Now it’s scleroderma’s turn for CAR T

3 minute read

A new report in ARD promises hope in an underserved disease, and more encouraging news on CAR T cells for lupus comes to hand.

The German team pioneering CD19-depleting CAR T-cell therapy in autoimmune diseases has reported more success, this time in a patient with systemic sclerosis.

This comes on top of previously reported trial successes in systemic lupus erythematosus and refractory antisynthetase syndrome.

In a letter published in the Annals of the Rheumatic Diseases, Professor Georg Schett and team presented a case study of a 60-year-old man with severe refractory systemic sclerosis.

At baseline, the patient had diffuse myocardial fibrosis, lung fibrosis, pulmonary hypertension, Raynaud’s phenomenon and carpal arthritis, and hadn’t responded to methotrexate or mycophenolate.

Six months after treatment, pulmonary fibrosis remained stable, and there were improvements in right ventricular strain, carpal arthritis and skin fibrosis, while Raynaud’s attacks were less frequent and less severe.

The treatment was well tolerated, with a mild fever after infusion (cytokine release syndrome grade 1).

“These data provide first evidence that CD19-targeting CAR T-cell treatment might be effective in severe SSc. The fast improvement of heart, joint and skin manifestations paralleled by seroconversion supports a central role of B cell-mediated autoimmunity in SSc,” wrote the authors.

However, they acknowledged that the conditioning therapy prior to CAR T cell infusion may have contributed to the benefits, and suggested future studies could include an arm with conditioning therapy only to determine its effect.  

Meanwhile, the latest follow-up data on the team’s original cohort of SLE patients who received CD19-depleting CAR T-cell therapy is to be presented at EULAR 2023.

A total of seven patients, who had severe refractory SLE, were given a single CAR T-cell dose and went into disease remission after treatment, with the latest data showing all seven have maintained remission.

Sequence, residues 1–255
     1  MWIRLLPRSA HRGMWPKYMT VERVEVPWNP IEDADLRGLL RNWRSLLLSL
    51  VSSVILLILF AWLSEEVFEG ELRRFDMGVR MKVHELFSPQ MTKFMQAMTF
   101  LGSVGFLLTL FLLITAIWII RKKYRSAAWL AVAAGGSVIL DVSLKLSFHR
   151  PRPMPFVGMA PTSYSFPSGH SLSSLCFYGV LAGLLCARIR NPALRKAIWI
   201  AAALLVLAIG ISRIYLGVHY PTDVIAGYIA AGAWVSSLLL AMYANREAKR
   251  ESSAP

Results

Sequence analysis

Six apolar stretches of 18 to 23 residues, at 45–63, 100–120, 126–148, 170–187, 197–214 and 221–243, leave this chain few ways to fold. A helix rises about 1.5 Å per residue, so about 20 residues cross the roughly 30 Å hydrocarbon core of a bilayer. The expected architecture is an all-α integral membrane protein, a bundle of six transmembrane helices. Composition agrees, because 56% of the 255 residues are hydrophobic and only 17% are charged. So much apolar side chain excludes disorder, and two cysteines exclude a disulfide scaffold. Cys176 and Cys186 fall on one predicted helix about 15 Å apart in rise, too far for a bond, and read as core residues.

Results for the first five patients were presented by Professor Schett at ARA ASM 2022 and were subsequently published in Nature Medicine. These patients now have follow-up data ranging from 11 to 22 months. Two more patients have since been added to the cohort, with follow-ups of 4 months and 8 months.

“Taken together, these data suggest that CD19 CAR T-cell therapy can abrogate disease and delete autoimmunity in patients with severe SLE,” the authors wrote, adding that drug-free remission remains even if B cells recur.

Research into CAR T cell therapy for lupus is expanding to the US, where the FDA has given the go ahead for a phase I/II clinical trial of a similar CD19-CAR T cell therapy for patients with SLE and lupus nephritis.

Biotechnology company Cabaletta Bio, which has a translational research partnership with Professor Schett, announced that its CABA-201 CAR T-cell therapy has been granted fast track designation by the FDA and its investigational new drug application has been cleared.

An open-label clinical trial, using an equivalent dose to that used by Professor Schett’s team, will be conducted in six lupus nephritis patients and six patients who have SLE with no renal involvement.

In a press release from the company, chief medical officer Dr David Chang said: “Despite advances over the last few decades, treatment options for SLE remain inadequate. There are currently no curative options available that achieve durable disease remission.

“We believe the FDA’s decision to grant Fast Track Designation for CABA-201 underscores the unmet need for a treatment that has the potential to provide deep and durable responses for people living with lupus and potentially other autoimmune diseases where B cells contribute to disease.

“We look forward to initiating the phase 1/2 trial for CABA-201 and further evaluating its therapeutic potential for patients in need.”

Ann Rheum Dis 2023, 5 May

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